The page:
In 1983 Philip Glass wrote his first film score, for a one-of-a-kind film directed by Godfrey Reggio called *Koyaanisqatsi*. The title is the Hopi Indian word for “life out of balance”. I saw it on PBS or on vid sometime a few years later, then at my campus film society in the late 80s. It’s an amazing movie, one of the most distinctive and effective movies I’ve ever seen. There are no actors and no dialogue - - the first half shows scenes from nature: the Grand Canyon, clouds moving through the sky, other gorgeous vistas (there’s that word “vista” again). The movie then shifts to the evils of our modern age, showing cars whizzing through city streets, people whizzing up and down escalators, and most memorably, Las Vegas. Glass’s music is prominent throughout - - it doesn’t accompany or heighten the film, as a film score usually does, it’s literally half of the movie.
Glass and Reggio did a second film in 1988, *Powaqqatsi* (life in transformation) and *Naqoyqatsi* in 2002 (life as war). My dear friend Dale, a huge Glass fan (he introduced me to the Glass version of Cocteau’s film *Beauty and the Beast*, the “Remembrance of Movies Past” from 2003), saw that Lincoln Center was presenting all three Qatsi films, with the scores performed live by the Philip Glass ensemble, and got tix for the four of us: Dale, Jere, Karen, and I (the same gang that saw *Saraband*). I’d never seen the 2nd or 3rd movies before, so it was a treat seeing those on the big screen, and they were worth seeing in the context of the whole cycle. I wonder if they’d be good on their own, because they definitely pale in comparison to the 1st movie - - the is no comparison, frankly. *Koyaanisqatsi* is one of the greatest movies ever made, full stop. Seeing that on the big screen with the score performed live, it was one of the highlights of the whole year, it was overpowering at times. If you haven’t seen this movie, run out and rent it!
Movie That Needs To Be Made
My roommate, Claire, looked at my Top 5 archive and said, “Your ‘Movie That Needs To Be Made’ category should be called ‘Biopic That Needs To Be Made’!” They’re all biopics. So in her honor, I’m doing a non-biopic this year (though I have the BEST idea for a biopic…):
Leftovers from last year, haven’t been released yet:
*Che*: dir by Steven Soderbergh, starring Benicio del Toro, Javier Bardem, Benjamin Bratt, and Franka Potente.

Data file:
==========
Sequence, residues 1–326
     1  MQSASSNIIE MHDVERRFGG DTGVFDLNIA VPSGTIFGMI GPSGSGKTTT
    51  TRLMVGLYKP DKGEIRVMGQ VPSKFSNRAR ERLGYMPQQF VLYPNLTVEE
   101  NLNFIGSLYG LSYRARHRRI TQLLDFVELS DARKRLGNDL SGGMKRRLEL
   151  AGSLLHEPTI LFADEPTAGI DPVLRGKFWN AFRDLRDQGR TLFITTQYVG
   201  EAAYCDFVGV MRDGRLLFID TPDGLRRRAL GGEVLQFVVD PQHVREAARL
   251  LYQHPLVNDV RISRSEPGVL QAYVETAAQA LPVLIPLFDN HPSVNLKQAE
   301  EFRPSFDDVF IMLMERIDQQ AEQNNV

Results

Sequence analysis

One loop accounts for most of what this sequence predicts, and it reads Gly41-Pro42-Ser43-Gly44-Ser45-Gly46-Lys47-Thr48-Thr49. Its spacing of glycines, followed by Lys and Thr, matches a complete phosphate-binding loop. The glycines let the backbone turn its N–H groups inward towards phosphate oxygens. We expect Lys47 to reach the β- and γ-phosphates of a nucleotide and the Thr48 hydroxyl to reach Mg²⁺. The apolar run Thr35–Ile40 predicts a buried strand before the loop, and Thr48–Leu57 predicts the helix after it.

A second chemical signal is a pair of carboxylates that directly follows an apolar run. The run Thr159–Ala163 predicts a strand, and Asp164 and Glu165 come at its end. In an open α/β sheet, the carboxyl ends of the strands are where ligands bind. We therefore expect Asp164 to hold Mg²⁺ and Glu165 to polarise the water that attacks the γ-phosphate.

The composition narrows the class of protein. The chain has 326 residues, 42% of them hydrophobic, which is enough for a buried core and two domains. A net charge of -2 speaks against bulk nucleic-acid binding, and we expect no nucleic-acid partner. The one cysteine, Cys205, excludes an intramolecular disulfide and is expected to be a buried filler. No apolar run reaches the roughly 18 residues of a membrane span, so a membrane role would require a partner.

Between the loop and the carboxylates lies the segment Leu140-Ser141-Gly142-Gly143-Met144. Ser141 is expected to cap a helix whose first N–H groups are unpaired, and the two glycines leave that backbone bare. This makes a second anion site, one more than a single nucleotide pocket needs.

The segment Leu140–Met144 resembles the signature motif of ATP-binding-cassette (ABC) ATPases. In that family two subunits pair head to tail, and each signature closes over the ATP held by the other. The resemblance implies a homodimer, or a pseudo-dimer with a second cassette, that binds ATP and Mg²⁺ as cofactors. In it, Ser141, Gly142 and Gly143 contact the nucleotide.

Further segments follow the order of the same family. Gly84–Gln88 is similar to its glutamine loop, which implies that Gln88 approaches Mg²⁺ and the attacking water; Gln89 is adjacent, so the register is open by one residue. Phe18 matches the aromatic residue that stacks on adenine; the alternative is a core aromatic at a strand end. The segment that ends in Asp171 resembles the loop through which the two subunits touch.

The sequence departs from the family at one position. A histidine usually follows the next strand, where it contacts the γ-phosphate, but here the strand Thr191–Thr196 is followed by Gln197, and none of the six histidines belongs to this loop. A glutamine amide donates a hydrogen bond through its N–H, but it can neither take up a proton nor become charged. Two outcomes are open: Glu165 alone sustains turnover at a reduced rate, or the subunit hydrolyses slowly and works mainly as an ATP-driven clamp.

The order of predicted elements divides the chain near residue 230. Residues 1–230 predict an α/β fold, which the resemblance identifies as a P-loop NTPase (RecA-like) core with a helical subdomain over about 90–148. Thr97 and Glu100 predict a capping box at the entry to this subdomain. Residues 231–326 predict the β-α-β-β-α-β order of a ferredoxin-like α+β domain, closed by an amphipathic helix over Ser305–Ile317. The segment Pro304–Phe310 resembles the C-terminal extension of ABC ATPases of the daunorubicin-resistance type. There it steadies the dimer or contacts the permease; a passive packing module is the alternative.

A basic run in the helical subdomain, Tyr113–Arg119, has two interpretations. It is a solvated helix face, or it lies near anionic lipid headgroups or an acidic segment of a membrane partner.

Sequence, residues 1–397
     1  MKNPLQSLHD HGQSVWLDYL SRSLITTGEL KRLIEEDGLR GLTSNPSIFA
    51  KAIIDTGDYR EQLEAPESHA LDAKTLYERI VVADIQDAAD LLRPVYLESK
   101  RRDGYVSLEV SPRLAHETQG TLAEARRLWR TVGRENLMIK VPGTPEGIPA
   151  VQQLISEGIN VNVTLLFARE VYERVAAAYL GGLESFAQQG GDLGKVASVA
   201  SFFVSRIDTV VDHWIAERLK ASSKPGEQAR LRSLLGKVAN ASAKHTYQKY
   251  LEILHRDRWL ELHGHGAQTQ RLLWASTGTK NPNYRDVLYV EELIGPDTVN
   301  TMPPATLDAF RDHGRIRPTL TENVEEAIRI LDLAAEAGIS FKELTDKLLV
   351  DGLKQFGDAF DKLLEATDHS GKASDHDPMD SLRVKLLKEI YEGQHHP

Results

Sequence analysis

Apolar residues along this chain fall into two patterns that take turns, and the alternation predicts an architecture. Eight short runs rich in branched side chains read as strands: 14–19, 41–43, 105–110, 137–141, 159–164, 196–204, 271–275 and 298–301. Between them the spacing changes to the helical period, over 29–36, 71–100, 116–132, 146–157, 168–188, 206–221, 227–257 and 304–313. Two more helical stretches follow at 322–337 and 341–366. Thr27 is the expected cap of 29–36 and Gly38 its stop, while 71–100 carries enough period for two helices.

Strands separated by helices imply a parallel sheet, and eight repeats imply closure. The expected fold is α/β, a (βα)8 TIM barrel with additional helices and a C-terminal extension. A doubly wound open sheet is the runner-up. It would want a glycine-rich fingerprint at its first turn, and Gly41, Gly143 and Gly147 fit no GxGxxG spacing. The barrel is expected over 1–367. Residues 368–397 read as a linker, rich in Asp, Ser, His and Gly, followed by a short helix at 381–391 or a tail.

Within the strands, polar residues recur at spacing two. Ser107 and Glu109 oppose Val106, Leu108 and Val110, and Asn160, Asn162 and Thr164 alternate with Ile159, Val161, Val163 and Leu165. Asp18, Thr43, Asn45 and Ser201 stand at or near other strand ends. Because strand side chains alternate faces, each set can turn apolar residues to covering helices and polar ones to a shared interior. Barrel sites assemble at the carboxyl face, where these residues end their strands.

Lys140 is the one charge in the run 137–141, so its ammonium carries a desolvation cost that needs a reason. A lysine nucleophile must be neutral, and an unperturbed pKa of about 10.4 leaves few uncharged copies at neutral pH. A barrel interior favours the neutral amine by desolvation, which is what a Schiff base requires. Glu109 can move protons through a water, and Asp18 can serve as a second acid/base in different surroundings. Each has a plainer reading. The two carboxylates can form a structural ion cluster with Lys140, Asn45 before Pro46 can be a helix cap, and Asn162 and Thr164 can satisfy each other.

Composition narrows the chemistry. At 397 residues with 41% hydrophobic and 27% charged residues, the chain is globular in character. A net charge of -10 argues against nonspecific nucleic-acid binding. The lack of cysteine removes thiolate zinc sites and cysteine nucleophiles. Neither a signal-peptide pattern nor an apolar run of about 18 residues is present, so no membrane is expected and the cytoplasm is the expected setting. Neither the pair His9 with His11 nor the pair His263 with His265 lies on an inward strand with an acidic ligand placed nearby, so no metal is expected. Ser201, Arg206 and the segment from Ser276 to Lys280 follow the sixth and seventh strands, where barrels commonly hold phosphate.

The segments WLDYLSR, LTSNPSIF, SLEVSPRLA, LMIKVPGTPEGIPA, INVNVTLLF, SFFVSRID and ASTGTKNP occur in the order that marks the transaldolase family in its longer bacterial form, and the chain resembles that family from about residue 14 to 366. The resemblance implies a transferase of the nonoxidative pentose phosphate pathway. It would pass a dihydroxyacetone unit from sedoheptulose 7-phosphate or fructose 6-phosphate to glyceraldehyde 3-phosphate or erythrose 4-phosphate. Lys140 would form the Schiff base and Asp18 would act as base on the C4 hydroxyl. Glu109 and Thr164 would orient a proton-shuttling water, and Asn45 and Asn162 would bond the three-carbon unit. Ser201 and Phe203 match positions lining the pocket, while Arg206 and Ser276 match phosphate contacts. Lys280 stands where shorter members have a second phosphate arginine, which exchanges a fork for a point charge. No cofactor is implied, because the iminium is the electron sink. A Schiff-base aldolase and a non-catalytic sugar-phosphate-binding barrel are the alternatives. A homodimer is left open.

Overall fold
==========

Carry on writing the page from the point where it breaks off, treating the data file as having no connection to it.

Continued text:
*Therese Raquin*: was originally starring Franka Potente, Joseph Fiennes, and Lynn Redgrave - - it’s now been completed with a different cast: Ludivine Sagnier, Giovanni Ribisi, and the inevitable Glenn Close as the scary diva mother.
*Megalopolis*: was announced, dir by Francis Ford Coppola, last directed movie is *The Rainmaker*, 1997. No longer on Coppola’s record on imdb.
NOT Eagerly Anticipated: *Untitled Marlene Dietrich Project*, starring Gwyneth Paltrow. No expected date on imdb, hopefully it’ll die in Pre-Production Hell.
New for this year:
*Bernard and Doris*: directed by Bob Balaban, starring Susan Sarandon as tobacco heiress Doris Duke and Ralph Fiennes as her gay butler, to whom she left her entire fortune.
*All the King’s Men*: dreamy cast: Sean Penn, Jude Law, Kate Winslet, Patricia Clarkson, James Gandolfini, Mark Ruffalo, and Anthony Hopkins.
*Manderlay*: part 2 of Lars von Trier’s *Dogville* trilogy.
*Youth Without Youth*: dir by FF Coppola, starring Tim Roth and Bruno Ganz.
*Marie-Antoinette*: written and dir by Sofia Coppola, starring Kirsten Dunst as Marie-Antoinette, Jason Schwartzman as Louis XVI, Rip Torn as Louis XV, also with Judy Davis, Marianne Faithfull, and Molly Shannon (surely the oddest assemblage of actors in recent memory).
*The Women*: a remake of the 1939 catty classic, starring Annette Bening (as the wronged wife) and Uma Thurman (as the mistress), also with Sandra Bullock, Ashley Judd, and Meg Ryan (I’m dying to know what roles they’re playing, also who’s playing the Countess), directed by Diane English (the woman who brought us *Murphy Brown*) and produced by Mick Jagger (I’m not making this up). Might be awful, but will surely be worth seeing.